Both a riveting narrative and an excellent guide for young readers to try, try again.

A philosophy for life, built word by word, hold by hold, climb by climb.

Japanese American teen rock-climbing champion Shiraishi narrates the story of how she navigated one of her biggest climbs with patience, perseverance, and creativity. Problems, whether on rock or in life, can look “tremendously endless” to anyone, even Ashima, depicted here as a 13-year-old. But when she compares individual holds to the shape of her mother’s bolts of fabric or of her father’s elbow in a dance, she connects with the route, finding her way up the rock. However, her ascent isn’t perfect, and her first fall is depicted, boldly, on a vertical double-page spread. She “listens” to the climb, regroups with her father’s help, and approaches the rock with renewed mental and physical strength. Her summit, illustrated in a strong, striking pose—arms spread wide, fingers gripping the rock—portrays the perseverance, reflection, and tenacity Ashima demonstrates in every climb. Backmatter both narrates and visually depicts the author’s rise through the annals of climbing, including her completion of a formidable boulder problem, the first woman to do so. Vivid, clean-lined illustrations by debut artist Xiao immerse readers in sweeping, earth-toned vistas of rock and sky that form Ashima’s world. Lively endpapers show Ashima in various body positions common to the sport of rock climbing.

Both a riveting narrative and an excellent guide for young readers to try, try again. (Informational picture book. 5-8)

Pub Date: April 7, 2020

ISBN: 978-1-5247-7327-4

Page Count: 40

Publisher: Make Me a World

Review Posted Online: Jan. 20, 2020

Kirkus Reviews Issue: Feb. 15, 2020



One determined man brings two villages together with a hammer, chisel, and an iron will.

Deep in the heart of India, a mighty mountain separates two villages. Manjhi lives on one side, where nothing grows. On the other, rice and wheat flourish. The people there are affluent, while Manjhi’s village struggles with hunger. Manjhi climbs to the top of the mountain to ponder this problem. When he throws a stone, it triggers a sprinkle of powder, which gives him an idea. Manjhi trades his trio of goats for a hammer and chisel. Hurrying back to the top of the mountain, he positions the chisel and strikes it with the hammer. Powdered rock and tiny chips spray. He continues until he’s exhausted, but he’s also filled with hope. Even though people tell him he’s “crazy,” day after day Manjhi returns to the mountain. After a year, Majhi is a little stronger, and the hole he has made a little deeper. He perseveres and, when he returns to his task each day, notices that others have continued his work. It takes 22 years, but Manjhi lives to see the day that two villages become one, sharing water, hopes, and dreams. Churnin’s prose has an elegance appropriate for her inspiring tale, which is based on a true story. Popovich’s double-page illustrations use a warm palette and are nicely composed.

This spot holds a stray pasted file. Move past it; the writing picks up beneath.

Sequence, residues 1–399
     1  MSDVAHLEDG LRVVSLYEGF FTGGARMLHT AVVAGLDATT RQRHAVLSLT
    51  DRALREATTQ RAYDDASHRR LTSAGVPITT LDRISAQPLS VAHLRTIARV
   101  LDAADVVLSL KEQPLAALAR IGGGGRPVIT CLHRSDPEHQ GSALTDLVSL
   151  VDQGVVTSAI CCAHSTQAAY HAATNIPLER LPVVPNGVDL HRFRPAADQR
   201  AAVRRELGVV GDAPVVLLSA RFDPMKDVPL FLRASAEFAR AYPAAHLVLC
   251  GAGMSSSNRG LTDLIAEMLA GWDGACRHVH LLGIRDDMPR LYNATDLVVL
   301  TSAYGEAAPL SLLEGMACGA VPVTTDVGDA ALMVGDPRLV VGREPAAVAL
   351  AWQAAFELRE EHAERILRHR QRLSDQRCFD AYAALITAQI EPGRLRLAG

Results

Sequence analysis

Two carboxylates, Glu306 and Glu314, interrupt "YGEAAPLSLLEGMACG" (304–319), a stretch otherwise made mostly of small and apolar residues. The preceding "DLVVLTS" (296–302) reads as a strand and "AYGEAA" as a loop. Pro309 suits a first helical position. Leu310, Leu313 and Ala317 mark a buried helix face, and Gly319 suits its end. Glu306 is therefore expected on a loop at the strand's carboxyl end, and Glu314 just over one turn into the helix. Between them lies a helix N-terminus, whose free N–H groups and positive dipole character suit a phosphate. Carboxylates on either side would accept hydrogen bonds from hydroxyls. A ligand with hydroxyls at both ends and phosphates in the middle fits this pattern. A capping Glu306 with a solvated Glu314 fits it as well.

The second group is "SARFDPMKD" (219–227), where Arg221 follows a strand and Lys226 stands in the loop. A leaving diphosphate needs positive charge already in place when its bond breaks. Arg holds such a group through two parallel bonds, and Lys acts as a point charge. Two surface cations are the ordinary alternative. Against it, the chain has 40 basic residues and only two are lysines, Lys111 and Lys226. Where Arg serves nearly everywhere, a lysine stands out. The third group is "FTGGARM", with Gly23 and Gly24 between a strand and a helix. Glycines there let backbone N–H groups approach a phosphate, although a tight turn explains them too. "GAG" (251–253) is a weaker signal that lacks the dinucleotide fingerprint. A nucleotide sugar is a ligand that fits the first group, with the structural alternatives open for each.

Heartening. (Picture book. 5-8)

Pub Date: Sept. 1, 2017

ISBN: 978-1-939547-34-7

Page Count: 32

Publisher: Creston

Review Posted Online: July 14, 2017

Kirkus Reviews Issue: Aug. 1, 2017


A beautifully designed book that will resonate with children and the adults who wisely share it with them.

An inspirational ode to the life of the great South African leader by an award-winning author and illustrator.

Mandela’s has been a monumental life, a fact made clear on the front cover, which features an imposing, full-page portrait. The title is on the rear cover. His family gave him the Xhosa name Rolihlahla, but his schoolteacher called him Nelson. Later, he was sent to study with village elders who told him stories about his beautiful and fertile land, which was conquered by European settlers with more powerful weapons. Then came apartheid, and his protests, rallies and legal work for the cause of racial equality led to nearly 30 years of imprisonment followed at last by freedom for Mandela and for all South Africans. “The ancestors, / The people, / The world, / Celebrated.” Nelson’s writing is spare, poetic, and grounded in empathy and admiration. His oil paintings on birch plywood are muscular and powerful. Dramatic moments are captured in shifting perspectives; a whites-only beach is seen through a wide-angle lens, while faces behind bars and faces beaming in final victory are masterfully portrayed in close-up.

A beautifully designed book that will resonate with children and the adults who wisely share it with them. (author’s note, bibliography) (Picture book/biography. 5-8)

Pub Date: Jan. 2, 2013

ISBN: 978-0-06-178374-6

Page Count: 40

Publisher: Harper/HarperCollins

Review Posted Online: Nov. 18, 2012

Kirkus Reviews Issue: Dec. 1, 2012

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